Data Privacy and Data Protection Law in Nigeria


The transformational value of data in today’s world cannot be overemphasised. The right to data privacy and protection is an internationally guaranteed right, which enjoys protection universally. Data protection is the process of safeguarding important information from corruption, compromise or loss. The importance of data protection increases as the amount of data created and stored continues to grow. Consequently, a large part of any data protection strategy is hinged on ensuring that data can be restored quickly after any corruption or loss. Protecting data from compromise and ensuring data privacy are other key components of data protection; however, where there are no laws to enforce in the event of breach, the value of those rights is lost. In order to uphold the sanctity of these rights, sovereign nations of the world put in place regulations and other mechanisms to guarantee them. Nigeria is not left out in this global community of data privacy and protection regulation. This paper seeks to evaluate the laws which regulate and protect data in Nigeria and how they could impact her data privacy and data protection regime.


Keywords: Data Protection, Data Privacy, Safeguards, Corruption, Compromise.


This paper seeks to interrogate the significant provisions of the National Information and Technology Development Agency Regulation (NITDA Regulation) that impact data protection and data privacy in Nigeria. The challenge of securing data privacy/protection is a worldwide phenomenon. The NITDA Regulation is Nigeria’s most comprehensive attempt yet to tackle this phenomenon and to bring it within tolerable limits.

The world’s most valuable asset is no longer oil, but data.[i][1] Data has been described as individual units of information, which may be measured; collected and reported; stored and analysed. In computing, data is information that has been translated into a form that is efficient for movement or processing.[2] Data is considered to be the ‘oil’ of the digital era.[3] The world’s most valuable companies include tech giants such as Google, Apple, Facebook and Amazon (GAFA) and Baidu, Alibaba and Tencent (BAT) whose subscribers are routinely required to provide their data to facilitate access. The internet and smartphones have contributed significantly to making data more valuable, available and abundant. Almost every human activity generates a digital trace. For example, our heart beat, our pulse, a running event, navigating through traffic are all activities which produce data when connected to the internet. The more cars, watches and phones that are connected to the internet the more data that can be generated. Artificial Intelligence through algorithms has become so smart today that they can now review contracts, conduct legal research and mediation, predict exposure to disease and determine when a machine needs servicing. The data industry has demonstrated such exponential growth that certain multinationals now position themselves as data purveyors and merchants.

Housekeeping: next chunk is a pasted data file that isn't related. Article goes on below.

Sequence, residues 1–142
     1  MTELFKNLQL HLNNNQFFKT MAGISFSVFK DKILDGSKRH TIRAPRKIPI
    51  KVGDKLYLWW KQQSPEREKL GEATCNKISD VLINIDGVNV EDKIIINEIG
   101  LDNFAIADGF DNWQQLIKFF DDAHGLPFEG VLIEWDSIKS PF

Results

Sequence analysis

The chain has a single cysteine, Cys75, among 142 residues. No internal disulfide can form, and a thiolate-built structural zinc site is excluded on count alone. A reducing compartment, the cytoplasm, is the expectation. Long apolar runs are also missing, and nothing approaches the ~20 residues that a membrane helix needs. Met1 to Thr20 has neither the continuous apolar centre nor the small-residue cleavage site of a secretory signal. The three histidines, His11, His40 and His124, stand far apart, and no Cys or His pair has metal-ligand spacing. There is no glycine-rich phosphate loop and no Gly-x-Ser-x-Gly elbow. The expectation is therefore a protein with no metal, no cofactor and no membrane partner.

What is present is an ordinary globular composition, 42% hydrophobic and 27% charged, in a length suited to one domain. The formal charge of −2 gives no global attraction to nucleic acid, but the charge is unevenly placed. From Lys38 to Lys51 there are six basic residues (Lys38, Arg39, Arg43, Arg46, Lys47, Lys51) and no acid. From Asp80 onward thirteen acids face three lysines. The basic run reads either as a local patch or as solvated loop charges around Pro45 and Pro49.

Typically, internet subscribers and social media users are required to provide personal data and sensitive information to facilitate access and use of these platforms. Almost all transactions conducted online require the release of some form of personal data. Although, social media users are often advised of data privacy terms, they do not necessarily preclude the use or sharing of such personal data in specified circumstances. This introduces the risk of having personal sensitive information being potentially shared with or sold to high level security agents or blue-chip companies to enable surveillance and data gathering.


According to a survey by McAfee, more than 40% of people worldwide are of the view that they lack control over their personal data, and one–third of parents do not know how to explain online security risks to their children.[4] In 2008, there was widespread information regarding how top brands such as Facebook, Panera Bread and Sacramento Bee experienced data breaches that exposed several millions of personal records to abuse by criminals.[5] There appears to be a lucrative market for data, and hackers tend to sell data they steal to professional scammers.


These worrying statistics and developments have generated widespread concerns around how to improve security frameworks over the personal data we provide, in the knowledge that data protection laws never fully offer complete protection against malicious attacks and users are best advised to understand the basics of data privacy and how to protect themselves. Google, Uber and Facebook have experienced breaches of the private data of users over the years and, on each occasion, these supposedly trusted companies failed to report/disclose the breaches (when they occurred) to enable customers take steps to protect themselves. The failure by these companies to disclose data privacy violations when they should have, underscores the importance of users taking personal data security as their personal responsibility.